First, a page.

Half fill the first, third and fifth glass with water.
Add a few drops of red food colouring to the first glass, add yellow to the third glass and add blue to the fifth glass.
Stir the food coloring until the water is one color.
Take a piece of kitchen paper and fold it long ways until it is approximately 3 cm wide.
Place one end of the kitchen paper into the colored water and the other end into the empty glass. Continue this in all the glasses as illustrated.
Leave for one hour.
Return to the glass and observe what happened.
Recreate and complete this experiment sheet before you begin. Click image below.
Here comes the Science bit..... The colored water travels up the kitchen paper by a process called capillary action. Capillary action is the ability of a liquid to flow upward, against gravity, in narrow spaces. This is the same thing that helps water climb from a plant’s roots to the leaves in the tree tops.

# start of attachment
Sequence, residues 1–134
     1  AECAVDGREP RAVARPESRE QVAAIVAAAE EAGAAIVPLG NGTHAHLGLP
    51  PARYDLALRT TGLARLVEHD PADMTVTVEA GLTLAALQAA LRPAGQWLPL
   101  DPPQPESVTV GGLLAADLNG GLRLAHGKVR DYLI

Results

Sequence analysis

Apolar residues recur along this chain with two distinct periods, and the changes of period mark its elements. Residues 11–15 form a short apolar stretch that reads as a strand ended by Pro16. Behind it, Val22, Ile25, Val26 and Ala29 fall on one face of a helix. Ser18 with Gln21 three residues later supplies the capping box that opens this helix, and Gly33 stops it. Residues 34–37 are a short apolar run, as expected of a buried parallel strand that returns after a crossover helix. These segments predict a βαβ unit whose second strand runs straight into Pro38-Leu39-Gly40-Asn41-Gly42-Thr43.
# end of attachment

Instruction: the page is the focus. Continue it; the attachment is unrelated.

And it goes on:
Kitchen Paper, and all paper products, are made from fibers found in plants called cellulose. In this demonstration, the water flowed upwards through the tiny gaps between the cellulose fibers. The gaps in the kitchen paper acted like capillary tubes, pulling the water upwards. The water is able to defy gravity as it travels upward due to the attractive forces between the water and the cellulose fibers.
Why not try this experiment which shows Capillary Action in plants?